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I fail to understand why this question is closed as "no longer reproducible" and now deleted: https://stackoverflow.com/q/63980654 (link for users who don't have 10k reputation) Yes, it is based on a misunderstanding on the tool I'm using, but surely it's reproducible?

An answer that explains why it's a feature and not a bug is what I'm looking for. Probably there are other people have the same question, and keeping it open means that more people can be helped.

In my understanding no longer reproducible questions are mysterious bugs that OP has but others don't, yet no one can suggest what to check. Am I correct?

The explanation in What topics can I ask about here? doesn't get me any further:

Questions about a problem that can no longer be reproduced or that was caused by a simple typographical error. This can often be avoided by identifying and closely inspecting the shortest program necessary to reproduce the problem before posting.

The fact that this notice suggests to provide the minimum reproducible example suggests that this close reason is for mysterious bugs I think.

So why should it be closed, and why should it be the same with other "no longer reproducible" questions?

enter image description here

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  • 5
    Consider: People cannot reproduce using a regex repetition in a function that does not accept regex repetitions. It looks like regex repetition but it is not. Sep 21 '20 at 8:13
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    You wrote "Why doesn't it become this?" in the question. I guess you could have written a bit more why you expected this certain output.
    – Trilarion
    Sep 22 '20 at 14:50
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    This (meta) question sets aside the point that the (original) question is about how to use a piece of software, so would be better suited to Super User.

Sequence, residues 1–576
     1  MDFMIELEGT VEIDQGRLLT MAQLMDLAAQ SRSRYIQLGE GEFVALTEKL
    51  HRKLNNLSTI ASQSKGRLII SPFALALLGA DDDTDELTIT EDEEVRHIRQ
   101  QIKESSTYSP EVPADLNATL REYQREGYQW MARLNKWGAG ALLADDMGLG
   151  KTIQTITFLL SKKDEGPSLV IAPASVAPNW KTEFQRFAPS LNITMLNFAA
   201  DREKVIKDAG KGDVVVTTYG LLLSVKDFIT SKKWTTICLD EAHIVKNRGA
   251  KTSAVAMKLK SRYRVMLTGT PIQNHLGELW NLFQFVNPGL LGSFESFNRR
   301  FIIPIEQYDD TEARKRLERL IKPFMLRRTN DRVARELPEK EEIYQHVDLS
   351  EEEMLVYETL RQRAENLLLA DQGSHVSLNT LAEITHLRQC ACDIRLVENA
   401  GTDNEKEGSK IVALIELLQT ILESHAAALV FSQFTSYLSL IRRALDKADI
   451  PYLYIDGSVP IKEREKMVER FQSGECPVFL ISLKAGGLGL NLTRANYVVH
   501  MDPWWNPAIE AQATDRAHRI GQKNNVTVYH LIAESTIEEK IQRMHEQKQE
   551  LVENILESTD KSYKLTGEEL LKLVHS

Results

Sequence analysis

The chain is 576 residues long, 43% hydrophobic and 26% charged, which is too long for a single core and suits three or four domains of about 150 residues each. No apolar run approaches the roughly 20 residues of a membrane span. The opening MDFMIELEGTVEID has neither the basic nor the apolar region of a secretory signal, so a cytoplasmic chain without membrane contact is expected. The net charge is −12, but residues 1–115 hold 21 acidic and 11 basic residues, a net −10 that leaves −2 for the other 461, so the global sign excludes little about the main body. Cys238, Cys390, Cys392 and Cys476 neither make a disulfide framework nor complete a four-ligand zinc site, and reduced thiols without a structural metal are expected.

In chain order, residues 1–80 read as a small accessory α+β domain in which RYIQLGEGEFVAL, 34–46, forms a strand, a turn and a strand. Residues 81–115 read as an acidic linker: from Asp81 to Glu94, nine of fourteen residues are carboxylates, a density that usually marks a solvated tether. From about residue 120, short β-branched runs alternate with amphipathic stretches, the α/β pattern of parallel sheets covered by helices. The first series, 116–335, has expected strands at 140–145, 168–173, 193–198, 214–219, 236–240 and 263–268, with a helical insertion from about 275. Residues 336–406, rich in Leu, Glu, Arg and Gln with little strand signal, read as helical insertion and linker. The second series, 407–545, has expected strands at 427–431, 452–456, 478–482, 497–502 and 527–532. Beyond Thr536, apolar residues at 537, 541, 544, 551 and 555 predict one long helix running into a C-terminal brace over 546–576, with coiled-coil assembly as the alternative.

– miken32
    Sep 22 '20 at 15:53
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    FWIW - we used to have different close reasons. As each one was taken away, users have reverted to the next most applicable one. It sounds like the ideal one here that would have been used in the past would be 'lacks minimal understanding'.
    – TylerH
    Sep 22 '20 at 16:27
  • @TylerH what happened to that reason? What is the suggestion when it was applied?
    – Ooker
    Sep 22 '20 at 19:33
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    @Ooker I don't recall; it's probably documented somewhere here on Meta. But my guess would be "it was used less than judiciously" aka people used it for things they thought askers should know even if the asker tried to learn it already. Stack Overflow also used to be much more about experts/professionals but now it is much more for the everyman programmer. The company owners now wouldn't want to see the hit to new question metrics that would happen if we started applying that reason again.
    – TylerH
    Sep 22 '20 at 21:03
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    The thing is, @TylerH, that Stack Overflow was always supposed to be for everyone. "How do I move the turtle in Logo?" is not a new question. OP's problem here is the cadre of deletionists, who look for excuses to delete stuff.
    – TRiG
    Sep 23 '20 at 9:11